Over the last 40 years, Robert Banghart has come to know Alaska, and many of its small communities, quite well.
Banghart wins 'Distinguished Service' award 012517 AE 1 Capital City Weekly Over the last 40 years, Robert Banghart has come to know Alaska, and many of its small communities, quite well.

Robert Banghart in his studio on Douglas with dog four, Jasmine. Banghart has worked on 11 museum and cultural center projects, has helped with exhibits and community developments in many other communities, has composed and scored music for many plays, and restores stringed instruments. He’s this year receiving a Governor’s Award for Distinguished Service to the Arts. Mary Catharine Martin | Capital City Weekly

Michael Penn

Bob Banghart, deputy director of the State Libraries, Archives and Museums unrolls a red ribbon during the Grand Opening of the Father Andrew P. Kashevaroff building housing the State Library, State Archives and State Museum on Monday, June 6, 2016.

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Wednesday, January 25, 2017

Story last updated at 1/26/2017 - 8:40 pm

Banghart wins 'Distinguished Service' award

Over the last 40 years, Robert Banghart has come to know Alaska, and many of its small communities, quite well.

He’s worked on 11 different museums and cultural centers in communities around Alaska through his company, Banghart & Associates. He’s also worked on a number of other projects around the state.

“You get to know a community pretty well, because you’re there to study its history and at the same time put that history on some sort of platform so people can engage themselves with it… You end up building these relationships and you get to see them grow as institutions and the personnel grow as professionals,” he said.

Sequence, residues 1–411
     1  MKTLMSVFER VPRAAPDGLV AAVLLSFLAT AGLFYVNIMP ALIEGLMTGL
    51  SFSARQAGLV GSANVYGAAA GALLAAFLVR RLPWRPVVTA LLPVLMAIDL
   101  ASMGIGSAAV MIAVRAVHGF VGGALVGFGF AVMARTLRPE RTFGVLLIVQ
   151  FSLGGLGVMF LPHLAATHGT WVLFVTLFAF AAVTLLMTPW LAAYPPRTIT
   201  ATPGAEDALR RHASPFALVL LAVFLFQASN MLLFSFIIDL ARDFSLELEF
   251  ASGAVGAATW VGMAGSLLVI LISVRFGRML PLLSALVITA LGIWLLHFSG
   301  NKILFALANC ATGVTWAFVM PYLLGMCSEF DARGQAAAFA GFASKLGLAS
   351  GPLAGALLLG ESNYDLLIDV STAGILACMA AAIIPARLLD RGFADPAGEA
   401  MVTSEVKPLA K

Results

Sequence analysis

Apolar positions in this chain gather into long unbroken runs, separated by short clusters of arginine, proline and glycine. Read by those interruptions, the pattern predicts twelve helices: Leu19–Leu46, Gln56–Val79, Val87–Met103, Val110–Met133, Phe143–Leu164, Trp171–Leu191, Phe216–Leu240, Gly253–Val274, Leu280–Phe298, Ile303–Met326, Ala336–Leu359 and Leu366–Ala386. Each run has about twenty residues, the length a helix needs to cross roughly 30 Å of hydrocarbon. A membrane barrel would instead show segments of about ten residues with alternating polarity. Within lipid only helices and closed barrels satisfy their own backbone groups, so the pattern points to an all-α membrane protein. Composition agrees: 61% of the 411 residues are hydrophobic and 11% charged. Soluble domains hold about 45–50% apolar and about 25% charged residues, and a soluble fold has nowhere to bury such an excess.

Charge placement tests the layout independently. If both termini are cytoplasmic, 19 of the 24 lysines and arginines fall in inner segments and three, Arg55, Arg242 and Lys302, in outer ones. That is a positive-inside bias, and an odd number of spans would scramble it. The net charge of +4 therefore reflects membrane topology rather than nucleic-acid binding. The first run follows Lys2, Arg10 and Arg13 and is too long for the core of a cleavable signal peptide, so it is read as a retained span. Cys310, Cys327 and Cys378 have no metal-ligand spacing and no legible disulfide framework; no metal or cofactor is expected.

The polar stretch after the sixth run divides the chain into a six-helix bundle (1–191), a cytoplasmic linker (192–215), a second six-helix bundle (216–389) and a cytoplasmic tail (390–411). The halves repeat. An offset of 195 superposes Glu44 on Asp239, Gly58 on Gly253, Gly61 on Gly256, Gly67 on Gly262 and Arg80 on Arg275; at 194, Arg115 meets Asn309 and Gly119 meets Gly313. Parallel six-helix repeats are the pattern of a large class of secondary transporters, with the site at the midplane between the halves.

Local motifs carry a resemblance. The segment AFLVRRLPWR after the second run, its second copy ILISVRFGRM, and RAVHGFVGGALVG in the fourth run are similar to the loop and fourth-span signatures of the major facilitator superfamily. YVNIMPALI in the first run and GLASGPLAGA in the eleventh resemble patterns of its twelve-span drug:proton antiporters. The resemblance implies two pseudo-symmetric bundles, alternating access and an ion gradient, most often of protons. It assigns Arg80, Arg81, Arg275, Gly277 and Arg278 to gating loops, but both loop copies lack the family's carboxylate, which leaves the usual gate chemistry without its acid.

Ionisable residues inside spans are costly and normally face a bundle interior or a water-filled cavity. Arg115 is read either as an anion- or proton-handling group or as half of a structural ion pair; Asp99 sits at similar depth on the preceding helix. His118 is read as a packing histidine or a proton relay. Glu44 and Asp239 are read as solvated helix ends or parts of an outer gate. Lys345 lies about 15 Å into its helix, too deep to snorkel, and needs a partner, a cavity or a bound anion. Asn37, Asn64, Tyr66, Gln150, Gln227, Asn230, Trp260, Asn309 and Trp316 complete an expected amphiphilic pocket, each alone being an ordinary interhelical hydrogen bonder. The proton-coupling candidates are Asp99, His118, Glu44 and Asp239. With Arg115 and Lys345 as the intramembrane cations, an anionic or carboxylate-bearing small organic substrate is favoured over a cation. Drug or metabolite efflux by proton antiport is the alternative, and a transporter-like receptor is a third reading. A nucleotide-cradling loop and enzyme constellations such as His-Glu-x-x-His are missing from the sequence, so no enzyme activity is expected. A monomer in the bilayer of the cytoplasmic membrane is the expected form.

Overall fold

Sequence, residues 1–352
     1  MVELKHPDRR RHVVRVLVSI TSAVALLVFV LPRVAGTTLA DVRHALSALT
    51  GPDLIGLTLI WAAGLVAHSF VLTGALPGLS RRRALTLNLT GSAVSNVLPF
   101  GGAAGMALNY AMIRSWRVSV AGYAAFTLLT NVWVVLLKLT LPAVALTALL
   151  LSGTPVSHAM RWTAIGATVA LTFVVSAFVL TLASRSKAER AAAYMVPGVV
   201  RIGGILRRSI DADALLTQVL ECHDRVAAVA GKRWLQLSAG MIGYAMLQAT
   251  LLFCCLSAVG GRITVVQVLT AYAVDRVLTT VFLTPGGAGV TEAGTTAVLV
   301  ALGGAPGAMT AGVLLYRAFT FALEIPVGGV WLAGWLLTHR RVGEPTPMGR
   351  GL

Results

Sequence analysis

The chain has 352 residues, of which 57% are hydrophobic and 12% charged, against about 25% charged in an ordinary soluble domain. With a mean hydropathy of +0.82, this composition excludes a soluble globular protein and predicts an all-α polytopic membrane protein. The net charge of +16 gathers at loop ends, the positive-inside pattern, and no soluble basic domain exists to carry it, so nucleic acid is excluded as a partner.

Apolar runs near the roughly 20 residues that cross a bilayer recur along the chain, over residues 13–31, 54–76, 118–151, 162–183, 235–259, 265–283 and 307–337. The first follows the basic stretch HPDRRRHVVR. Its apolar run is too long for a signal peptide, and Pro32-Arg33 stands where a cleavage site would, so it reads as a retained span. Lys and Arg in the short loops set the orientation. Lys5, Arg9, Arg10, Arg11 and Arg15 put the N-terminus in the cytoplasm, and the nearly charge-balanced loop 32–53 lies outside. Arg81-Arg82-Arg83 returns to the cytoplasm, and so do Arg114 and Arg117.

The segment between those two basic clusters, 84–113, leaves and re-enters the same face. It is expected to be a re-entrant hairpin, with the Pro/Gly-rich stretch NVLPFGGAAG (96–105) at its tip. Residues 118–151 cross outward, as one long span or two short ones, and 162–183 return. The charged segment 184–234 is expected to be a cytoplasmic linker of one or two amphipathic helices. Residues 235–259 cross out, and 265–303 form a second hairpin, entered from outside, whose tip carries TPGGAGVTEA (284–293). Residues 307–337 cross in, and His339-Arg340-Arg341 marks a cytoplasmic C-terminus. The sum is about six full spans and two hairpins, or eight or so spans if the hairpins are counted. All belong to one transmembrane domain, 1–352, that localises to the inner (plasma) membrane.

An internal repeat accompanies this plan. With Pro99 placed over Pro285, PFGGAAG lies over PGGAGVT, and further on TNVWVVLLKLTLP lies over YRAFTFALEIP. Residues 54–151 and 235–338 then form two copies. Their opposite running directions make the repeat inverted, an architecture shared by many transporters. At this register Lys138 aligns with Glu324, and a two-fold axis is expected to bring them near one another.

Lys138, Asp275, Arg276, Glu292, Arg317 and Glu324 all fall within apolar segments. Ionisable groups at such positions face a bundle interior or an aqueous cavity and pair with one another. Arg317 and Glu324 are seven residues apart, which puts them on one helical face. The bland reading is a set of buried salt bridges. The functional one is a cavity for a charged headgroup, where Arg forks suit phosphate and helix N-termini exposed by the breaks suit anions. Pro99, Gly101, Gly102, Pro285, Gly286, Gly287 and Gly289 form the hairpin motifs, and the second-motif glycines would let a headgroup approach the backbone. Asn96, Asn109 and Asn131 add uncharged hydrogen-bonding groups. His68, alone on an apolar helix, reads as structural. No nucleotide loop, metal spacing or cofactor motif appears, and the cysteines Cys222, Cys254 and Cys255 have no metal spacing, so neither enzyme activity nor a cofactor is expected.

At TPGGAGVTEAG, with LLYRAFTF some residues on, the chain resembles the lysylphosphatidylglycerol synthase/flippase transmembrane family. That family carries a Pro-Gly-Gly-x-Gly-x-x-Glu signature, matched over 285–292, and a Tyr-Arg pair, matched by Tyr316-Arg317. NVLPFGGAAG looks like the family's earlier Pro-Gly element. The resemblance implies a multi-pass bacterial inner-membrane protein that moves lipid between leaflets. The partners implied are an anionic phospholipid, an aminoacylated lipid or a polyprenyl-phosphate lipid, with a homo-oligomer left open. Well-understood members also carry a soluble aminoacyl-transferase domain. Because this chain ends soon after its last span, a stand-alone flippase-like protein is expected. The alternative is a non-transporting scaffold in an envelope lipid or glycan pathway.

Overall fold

Most summers, he’s taken off from museum work and he and his wife, Laura Lucas, have adventured — walking to Anaktuvuk Pass from the haul road, or kayaking around Southeast Alaska. He’s also traveled many summers with a band he was playing with (he’s been a part of a number of them). For a few years in the early 1980s, he and Lucas traveled around the state in the summers with their puppet theatre.

This year, he’s one of three people winning a Governor’s Award for “Distinguished Service to the Humanities.”

Banghart first arrived in Nenana, Alaska as a 17-year-old, and he’s been here ever since, graduating from the University of Alaska with a degree in art and design in 1974.

He first came to Juneau that year, while working as a studio potter. That’s when he first ended up working on the state museum as a contractor, then working to build the museum’s Eagle Tree — a new tree is now on display at the APK. He “hung his shingle out” as a private contractor in 1976.

He’s worked on a number of museums over the years. A few are the Juneau-Douglas City Museum, the Skagway Museum, the Sheldon Jackson Museum in Sitka, the Inupiaq Heritage Center in Utqiagvik, previously known as Barrow; the University of Alaska Fairbanks Museum of the North, and the Museum of the Aleutians in Unalaska.

One he found especially impacting, he said, was the Ilanka Cultural Center in Cordova.

“It was such a grassroots effort,” he said. “We sat in a former Mason Hall and ate peanut butter sandwiches and drank coffee.”